Mitsubishi Eclipse 1990-1998 Repair Guide



See Figures 1 and 2

Your vehicle was supplied with a jack for emergency road repairs. This jack is fine for changing a flat tire or other short term procedures not requiring you to go beneath the vehicle. If it is used in an emergency situation, carefully follow the instructions provided either with the jack or in your owner's guide. Do not attempt to use the jack on any portions of the vehicle other than specified by the vehicle manufacturer. Always block the diagonally opposite wheel when using a jack.

Jack receptacles are located at the body sills to accept the scissors jack supplied with the vehicle. Always block the opposite wheels and jack the vehicle on a level surface.

Climbing under a car supported by just the jack is extremely dangerous and should NEVER be done.

A more convenient way of jacking is the use of a garage or floor jack. You may use the floor jack in the following locations:


FWD-Under the mid point of the crossmember
AWD-Under the mid point of the crossmember


FWD-Under the jack up bracket of the rear floor pan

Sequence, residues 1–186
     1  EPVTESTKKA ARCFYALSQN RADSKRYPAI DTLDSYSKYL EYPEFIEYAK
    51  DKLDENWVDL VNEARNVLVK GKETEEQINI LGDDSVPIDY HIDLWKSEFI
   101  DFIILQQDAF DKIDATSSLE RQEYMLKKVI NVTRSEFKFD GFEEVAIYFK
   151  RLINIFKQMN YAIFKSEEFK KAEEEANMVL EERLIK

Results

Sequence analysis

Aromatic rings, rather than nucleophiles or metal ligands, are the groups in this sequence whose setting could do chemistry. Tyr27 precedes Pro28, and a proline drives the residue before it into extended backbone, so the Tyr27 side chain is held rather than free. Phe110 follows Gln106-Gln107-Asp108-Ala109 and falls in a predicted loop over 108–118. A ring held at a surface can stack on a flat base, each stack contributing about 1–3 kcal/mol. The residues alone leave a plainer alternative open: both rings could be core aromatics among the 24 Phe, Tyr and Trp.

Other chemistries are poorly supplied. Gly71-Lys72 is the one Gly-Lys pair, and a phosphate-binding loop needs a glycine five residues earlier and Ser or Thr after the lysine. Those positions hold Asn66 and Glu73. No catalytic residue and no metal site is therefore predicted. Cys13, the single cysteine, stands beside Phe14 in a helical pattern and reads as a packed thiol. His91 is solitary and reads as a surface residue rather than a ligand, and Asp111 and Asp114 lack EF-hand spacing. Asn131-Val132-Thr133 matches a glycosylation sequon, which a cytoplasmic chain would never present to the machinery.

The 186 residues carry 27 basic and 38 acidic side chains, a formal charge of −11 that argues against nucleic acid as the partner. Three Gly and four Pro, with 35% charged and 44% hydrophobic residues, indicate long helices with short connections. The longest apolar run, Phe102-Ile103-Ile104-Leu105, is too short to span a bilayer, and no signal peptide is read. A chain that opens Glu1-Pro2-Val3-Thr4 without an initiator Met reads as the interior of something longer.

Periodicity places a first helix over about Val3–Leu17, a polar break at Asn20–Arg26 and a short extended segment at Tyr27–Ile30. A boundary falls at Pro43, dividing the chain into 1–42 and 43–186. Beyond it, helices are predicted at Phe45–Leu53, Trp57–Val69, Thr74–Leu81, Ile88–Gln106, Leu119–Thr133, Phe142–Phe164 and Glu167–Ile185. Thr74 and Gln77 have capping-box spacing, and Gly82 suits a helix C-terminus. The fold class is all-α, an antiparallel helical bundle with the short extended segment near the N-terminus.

AWD-Under the rear differential

Click image to see an enlarged view

Fig. Fig. 1: Floor jack positioning on the front of the vehicle

Click image to see an enlarged view

Fig. Fig. 2: Floor jack positioning on the rear of the vehicle

Never place the jack under the radiator, engine or transmission components. Severe and expensive damage will result when the jack is raised. Additionally, never jack under the floorpan or bodywork; the metal will deform.

Whenever you plan to work under the vehicle, you must support it on jackstands or ramps. Never use cinder blocks or stacks of wood to support the vehicle, even if you're only going to be under it for a few minutes. Never crawl under the vehicle when it is supported only by the tire-changing jack or other floor jack.

Always position a block of wood or small rubber pad on top of the jack or jackstand to protect the lifting point's finish when lifting or supporting the vehicle.

Small hydraulic, screw, or scissors jacks are satisfactory for raising the vehicle. Drive-on trestles or ramps are also a handy and safe way to both raise and support the vehicle. Be careful though, some ramps may be too steep to drive your vehicle onto without scraping the front bottom panels. Never support the vehicle on any suspension member (unless specifically instructed to do so by a repair guide) or by an underbody panel.